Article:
We have learned that with each of our special needs children, we come to a point where we have to choose what we believe to be the best choices for our child. Therapists and physicians have a tough job and do their best to give us options for our children, but at the end of the day, we have to look at the full picture. Our son did not need to ‘learn to walk’ because it actually would slow him down. I sat with my husband and we realized that our son had been caged in an orphanage for almost 5 years. What he needed most, was the freedom to crawl around in our yard and get dirty. He needed to learn to be a child, not drive to countless therapies and appointments. So we scaled it back. We kept every medical doctor appointment and only braced his feet so that he would not get heel drop. Then we learned to look away when he did flips on the trampoline or found him bungee corded to the back of his brother’s ride-on truck. And one day I looked and saw that what he did in our yard and in our home, could never be replicated in a therapists office. He was learning to be a child, a boy, and those were not things learned in an office.
You Will Learn that You Can’t Fix Everything– I will never forget the day I wished the earth would open and swallow me. I was sitting in a doctor’s office and she was explaining the depths of my son’s disabilities and I was arguing. I was going toe to toe with the doctor and trying to explain away the results, the tests, the opinions. Suddenly I became silent and was dropped by the look of concern and even pity from this doctor and the therapist. My heart broke wide and I realized that despite all the amazing care, the teachers and therapists that were working with my child, he would not live the life I dreamed for him. And I stumbled to the parking lot and ugly sobbed in my car, because I was changed. But it made me stronger because I was okay. That moment did not kill me, and my child was still living and breathing. It changed my perspective and I realized that my naivete had just been shattered, and I had not only survived, but I was tougher. And here’s where I tell you that some things need to be broken, so they can heal stronger.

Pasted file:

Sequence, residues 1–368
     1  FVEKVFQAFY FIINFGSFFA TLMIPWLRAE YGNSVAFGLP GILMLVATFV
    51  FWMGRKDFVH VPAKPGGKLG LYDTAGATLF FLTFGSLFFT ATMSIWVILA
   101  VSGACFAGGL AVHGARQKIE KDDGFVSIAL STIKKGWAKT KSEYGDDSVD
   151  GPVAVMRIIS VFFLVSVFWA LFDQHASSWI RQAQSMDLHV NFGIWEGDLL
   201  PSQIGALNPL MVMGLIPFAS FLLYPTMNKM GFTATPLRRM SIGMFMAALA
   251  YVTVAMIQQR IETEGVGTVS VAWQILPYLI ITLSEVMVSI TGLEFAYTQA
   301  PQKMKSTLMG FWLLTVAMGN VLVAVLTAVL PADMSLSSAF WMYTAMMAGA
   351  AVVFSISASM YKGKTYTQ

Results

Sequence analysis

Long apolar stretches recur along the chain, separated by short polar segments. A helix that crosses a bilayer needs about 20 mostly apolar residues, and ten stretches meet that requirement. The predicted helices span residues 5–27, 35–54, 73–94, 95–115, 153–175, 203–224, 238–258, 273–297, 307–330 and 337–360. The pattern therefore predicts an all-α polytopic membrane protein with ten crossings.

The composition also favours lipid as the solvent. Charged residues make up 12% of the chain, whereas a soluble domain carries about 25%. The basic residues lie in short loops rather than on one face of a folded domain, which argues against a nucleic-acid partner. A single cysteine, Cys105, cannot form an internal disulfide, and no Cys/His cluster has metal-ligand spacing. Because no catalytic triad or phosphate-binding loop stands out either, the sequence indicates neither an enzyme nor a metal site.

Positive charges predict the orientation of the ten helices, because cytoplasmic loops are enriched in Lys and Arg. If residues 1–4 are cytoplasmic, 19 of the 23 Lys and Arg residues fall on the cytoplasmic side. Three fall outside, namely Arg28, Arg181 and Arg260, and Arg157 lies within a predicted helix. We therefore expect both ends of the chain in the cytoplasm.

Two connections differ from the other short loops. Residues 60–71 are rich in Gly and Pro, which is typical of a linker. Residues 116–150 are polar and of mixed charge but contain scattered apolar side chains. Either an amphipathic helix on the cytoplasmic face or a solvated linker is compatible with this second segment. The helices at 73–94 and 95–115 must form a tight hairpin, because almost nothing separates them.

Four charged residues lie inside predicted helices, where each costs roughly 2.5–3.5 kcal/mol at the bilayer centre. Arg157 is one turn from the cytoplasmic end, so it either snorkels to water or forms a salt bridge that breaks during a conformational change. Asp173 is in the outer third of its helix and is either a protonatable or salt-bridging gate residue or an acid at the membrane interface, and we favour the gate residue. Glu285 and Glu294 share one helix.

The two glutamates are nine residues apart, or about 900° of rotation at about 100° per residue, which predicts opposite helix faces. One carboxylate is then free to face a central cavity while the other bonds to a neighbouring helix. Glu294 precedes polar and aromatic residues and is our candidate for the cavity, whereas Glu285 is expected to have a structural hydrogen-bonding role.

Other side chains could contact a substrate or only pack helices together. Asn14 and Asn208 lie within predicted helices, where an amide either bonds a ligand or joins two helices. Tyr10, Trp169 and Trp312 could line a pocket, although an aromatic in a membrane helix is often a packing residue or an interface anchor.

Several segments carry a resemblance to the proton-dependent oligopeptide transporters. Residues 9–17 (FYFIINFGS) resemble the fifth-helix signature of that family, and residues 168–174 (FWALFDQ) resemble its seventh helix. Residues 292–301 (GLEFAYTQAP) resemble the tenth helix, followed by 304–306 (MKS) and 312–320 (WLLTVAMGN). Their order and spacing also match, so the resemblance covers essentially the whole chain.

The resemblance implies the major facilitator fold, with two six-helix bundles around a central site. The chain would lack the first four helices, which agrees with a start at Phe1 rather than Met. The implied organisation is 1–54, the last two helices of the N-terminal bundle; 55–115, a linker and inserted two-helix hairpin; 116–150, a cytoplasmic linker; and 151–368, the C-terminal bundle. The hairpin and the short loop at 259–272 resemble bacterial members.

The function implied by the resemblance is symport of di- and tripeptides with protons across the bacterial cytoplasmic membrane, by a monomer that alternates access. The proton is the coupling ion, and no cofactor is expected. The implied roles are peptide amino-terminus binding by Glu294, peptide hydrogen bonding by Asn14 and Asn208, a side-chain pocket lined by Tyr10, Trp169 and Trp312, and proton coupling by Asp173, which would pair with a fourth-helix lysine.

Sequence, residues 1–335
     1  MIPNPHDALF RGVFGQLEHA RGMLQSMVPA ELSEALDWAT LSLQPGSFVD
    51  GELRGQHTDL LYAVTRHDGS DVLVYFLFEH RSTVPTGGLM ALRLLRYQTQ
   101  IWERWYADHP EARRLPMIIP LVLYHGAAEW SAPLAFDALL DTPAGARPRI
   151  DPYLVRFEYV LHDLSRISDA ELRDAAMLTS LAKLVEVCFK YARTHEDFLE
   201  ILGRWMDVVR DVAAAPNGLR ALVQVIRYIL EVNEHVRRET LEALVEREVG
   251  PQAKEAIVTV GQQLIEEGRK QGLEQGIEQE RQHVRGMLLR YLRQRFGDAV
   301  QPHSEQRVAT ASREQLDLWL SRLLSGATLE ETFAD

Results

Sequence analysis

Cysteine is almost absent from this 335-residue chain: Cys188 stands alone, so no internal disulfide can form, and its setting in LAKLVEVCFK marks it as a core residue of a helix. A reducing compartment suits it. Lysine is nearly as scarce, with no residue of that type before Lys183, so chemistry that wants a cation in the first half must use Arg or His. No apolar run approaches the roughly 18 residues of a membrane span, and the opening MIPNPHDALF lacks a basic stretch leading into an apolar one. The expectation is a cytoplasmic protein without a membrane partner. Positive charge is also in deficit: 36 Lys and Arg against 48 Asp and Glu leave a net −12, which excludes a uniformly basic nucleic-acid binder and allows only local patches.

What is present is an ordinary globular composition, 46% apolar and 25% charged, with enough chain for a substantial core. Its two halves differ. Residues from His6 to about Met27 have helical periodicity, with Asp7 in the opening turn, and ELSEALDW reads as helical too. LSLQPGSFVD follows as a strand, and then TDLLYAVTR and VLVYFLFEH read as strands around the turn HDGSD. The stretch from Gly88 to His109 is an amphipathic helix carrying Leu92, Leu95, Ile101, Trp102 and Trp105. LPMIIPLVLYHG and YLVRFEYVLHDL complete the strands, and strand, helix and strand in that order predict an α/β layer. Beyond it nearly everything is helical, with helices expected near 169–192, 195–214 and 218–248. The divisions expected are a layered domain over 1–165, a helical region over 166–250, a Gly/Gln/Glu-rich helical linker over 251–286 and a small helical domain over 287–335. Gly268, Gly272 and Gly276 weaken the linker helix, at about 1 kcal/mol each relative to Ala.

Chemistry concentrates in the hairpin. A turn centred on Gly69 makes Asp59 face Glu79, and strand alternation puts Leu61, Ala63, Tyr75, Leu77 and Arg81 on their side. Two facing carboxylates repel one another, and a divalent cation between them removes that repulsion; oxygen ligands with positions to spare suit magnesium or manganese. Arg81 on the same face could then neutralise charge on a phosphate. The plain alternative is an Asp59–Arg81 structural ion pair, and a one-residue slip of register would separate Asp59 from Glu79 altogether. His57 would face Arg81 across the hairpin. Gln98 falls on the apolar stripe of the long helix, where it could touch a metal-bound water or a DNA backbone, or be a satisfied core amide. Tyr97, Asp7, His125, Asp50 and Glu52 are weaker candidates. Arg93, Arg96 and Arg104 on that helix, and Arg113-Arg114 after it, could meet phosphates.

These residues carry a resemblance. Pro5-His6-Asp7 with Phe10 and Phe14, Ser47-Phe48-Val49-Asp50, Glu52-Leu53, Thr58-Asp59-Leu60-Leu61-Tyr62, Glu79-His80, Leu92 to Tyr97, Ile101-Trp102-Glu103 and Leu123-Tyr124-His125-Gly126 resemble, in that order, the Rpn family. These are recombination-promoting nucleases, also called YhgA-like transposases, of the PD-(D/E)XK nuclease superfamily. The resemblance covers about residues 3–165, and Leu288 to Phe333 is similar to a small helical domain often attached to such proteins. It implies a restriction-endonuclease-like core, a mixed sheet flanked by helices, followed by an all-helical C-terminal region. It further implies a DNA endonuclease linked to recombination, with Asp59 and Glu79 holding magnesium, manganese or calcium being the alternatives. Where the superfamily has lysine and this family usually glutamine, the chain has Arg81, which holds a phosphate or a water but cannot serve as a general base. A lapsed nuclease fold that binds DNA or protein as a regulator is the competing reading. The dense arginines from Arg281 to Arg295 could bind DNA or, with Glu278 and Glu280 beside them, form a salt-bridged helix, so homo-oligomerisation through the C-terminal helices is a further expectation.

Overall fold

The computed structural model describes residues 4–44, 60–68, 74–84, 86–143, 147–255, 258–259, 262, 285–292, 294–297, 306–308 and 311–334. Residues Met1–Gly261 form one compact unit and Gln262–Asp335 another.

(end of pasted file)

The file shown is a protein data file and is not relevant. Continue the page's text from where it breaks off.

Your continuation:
Family Hacks – I watch and learn from the best. I’ll end this post with my favorite large family hacks.
Each of my children has a cup that has their name on it. This is the only cup they can use and they are responsible to rinse it out and keep it hanging on the fridge. I used Command strips to hang the cups. We also use paper plates, because there are days it is about survival.
Each child has a basket and a place for their basket. When we do laundry, the clothes go into the correct basket and each child is responsible to put away their own clothing.
I have a centralized closet just for medical supplies and equipment.
What are your parenting survival tips because us moms have to stick together…beans and all?